In addition, moving from an assessment mindset of “teaching and testing” to one of coaching will provide more of a learning, rather than memorizing and grade-getting, environment for students. In between the summative assessments (tests, quizzes, etc), push the focus to descriptive feedback and ongoing coaching dialogue that does not minimize learning to a number or letter. Without engagement, we cannot have real learning; by providing more space in the curriculum and focusing on descriptive feedback we can not only increase student motivation but also continually challenge our students to grow as learners.”

Eric Sheninger is an educational technology expert. He and his staff at New Milford High School progressively use technology in their educational practices. He is a nationally recognized educational presenter.

“Taking a cue from Ghandi, we need to be the change that we want to see in education. As educators we are faced with two choices, either fall in line with educational reforms dictated by individuals and special interest groups who do not and have not worked in schools, or carve out our own paths that are in the best interests of our students.

Change in education is often viewed as a long, difficult, drawn-out process with the end result not being sustainable. Yes, change can be difficult, but if we are to truly transform how we teach and students learn then we must be willing to work together while acknowledging that this process will be fraught with obstacles. As we have moved from change to transformation at New Milford High School, I have found the following elements to be integral to success of many of our current initiatives. They include the following:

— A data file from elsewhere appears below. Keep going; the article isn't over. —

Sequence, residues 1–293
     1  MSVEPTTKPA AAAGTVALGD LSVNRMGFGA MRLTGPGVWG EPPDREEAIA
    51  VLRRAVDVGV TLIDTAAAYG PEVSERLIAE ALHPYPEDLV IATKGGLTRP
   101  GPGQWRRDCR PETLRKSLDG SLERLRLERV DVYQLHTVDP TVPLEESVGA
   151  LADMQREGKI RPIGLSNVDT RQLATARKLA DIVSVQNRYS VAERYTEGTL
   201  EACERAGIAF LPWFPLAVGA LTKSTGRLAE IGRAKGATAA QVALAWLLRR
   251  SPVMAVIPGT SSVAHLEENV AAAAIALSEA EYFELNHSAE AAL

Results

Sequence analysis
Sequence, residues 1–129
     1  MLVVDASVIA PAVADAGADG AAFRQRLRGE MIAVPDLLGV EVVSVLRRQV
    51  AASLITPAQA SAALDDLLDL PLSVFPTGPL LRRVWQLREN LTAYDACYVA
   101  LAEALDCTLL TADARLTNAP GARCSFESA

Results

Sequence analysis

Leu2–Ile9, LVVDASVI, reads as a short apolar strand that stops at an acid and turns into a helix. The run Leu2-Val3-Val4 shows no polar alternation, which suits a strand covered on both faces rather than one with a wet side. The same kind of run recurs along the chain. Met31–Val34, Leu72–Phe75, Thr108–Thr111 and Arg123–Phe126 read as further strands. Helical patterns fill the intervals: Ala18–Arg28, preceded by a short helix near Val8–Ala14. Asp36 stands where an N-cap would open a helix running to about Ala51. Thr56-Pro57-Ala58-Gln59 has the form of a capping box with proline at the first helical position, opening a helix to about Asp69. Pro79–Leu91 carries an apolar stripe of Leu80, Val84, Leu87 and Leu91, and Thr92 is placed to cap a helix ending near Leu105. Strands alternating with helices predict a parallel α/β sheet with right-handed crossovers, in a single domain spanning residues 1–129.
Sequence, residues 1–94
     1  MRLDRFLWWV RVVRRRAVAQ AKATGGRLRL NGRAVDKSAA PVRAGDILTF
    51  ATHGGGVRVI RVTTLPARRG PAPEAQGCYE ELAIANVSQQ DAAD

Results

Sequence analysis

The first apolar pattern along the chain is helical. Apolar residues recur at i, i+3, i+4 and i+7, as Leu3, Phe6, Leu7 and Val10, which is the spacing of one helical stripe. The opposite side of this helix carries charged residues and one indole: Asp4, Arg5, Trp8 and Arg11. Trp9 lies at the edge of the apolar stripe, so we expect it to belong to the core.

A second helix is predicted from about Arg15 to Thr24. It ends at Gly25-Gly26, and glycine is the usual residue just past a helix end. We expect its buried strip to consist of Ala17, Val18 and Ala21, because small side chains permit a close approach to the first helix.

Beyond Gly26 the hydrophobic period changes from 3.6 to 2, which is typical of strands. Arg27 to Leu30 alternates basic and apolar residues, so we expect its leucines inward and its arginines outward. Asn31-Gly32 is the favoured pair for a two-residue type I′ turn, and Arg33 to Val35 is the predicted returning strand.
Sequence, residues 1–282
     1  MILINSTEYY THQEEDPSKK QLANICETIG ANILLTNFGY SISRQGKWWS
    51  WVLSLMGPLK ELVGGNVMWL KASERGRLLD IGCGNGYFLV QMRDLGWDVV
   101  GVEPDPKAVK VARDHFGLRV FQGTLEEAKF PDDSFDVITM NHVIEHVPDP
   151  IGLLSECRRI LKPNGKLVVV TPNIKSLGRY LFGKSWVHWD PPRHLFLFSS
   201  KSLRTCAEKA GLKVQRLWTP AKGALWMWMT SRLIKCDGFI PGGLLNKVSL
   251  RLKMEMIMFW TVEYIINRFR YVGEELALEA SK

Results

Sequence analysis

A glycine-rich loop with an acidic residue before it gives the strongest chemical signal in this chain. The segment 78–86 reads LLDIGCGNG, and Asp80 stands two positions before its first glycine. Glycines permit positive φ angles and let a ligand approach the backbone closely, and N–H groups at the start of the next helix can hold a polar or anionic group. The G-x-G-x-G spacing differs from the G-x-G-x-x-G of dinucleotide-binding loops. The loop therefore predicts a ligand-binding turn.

1. Modeling
2. Empowering staff through autonomy.
3. Shift from buy-in to embracement
4. Flexibility
5. Support (resources, professional development)
6. Shared decision-making
7. Encouraging risk-raking
8. Eliminating the fear of failure.
9. Positive reinforcement.”

Nationally known leadership expert Todd Whitaker needs no introduction. His books, including his latest Shifting the Monkeys, and presentations are a favorite among educational leaders and teachers. His one liners can instantly make any educator change their thinking.

“We hear so much about ‘change’ in education - from every direction. Yet isn’t what we really need improvement? Rather than continually starting over perhaps it makes sense to build on the positives we have.

What if our goal was to have all of our schools be like our best schools? What if we strove to have all of our teachers become like our best teachers? This is so much more realistic and accomplishable then continuing to start from scratch. We have examples everywhere or excellence in our schools. We just need to replicate it, not reinvent it.”

Connect with Peter on Twitter.

The opinions expressed in Peter DeWitt’s Finding Common Ground are strictly those of the author(s) and do not reflect the opinions or endorsement of Editorial Projects in Education, or any of its publications.


This content is provided by our sponsor. It is not written by and does not necessarily reflect the views of Education Week's editorial staff.
Data Webinar
Education Insights with Actionable Data to Create More Personalized Engagement
The world has changed during this time of pandemic learning, and there is a new challenge faced in education regarding how we effectively utilize the data now available to educators and leaders. In this session
Content provided by Microsoft
This content is provided by our sponsor. It is not written by and does not necessarily reflect the views of Education Week's editorial staff.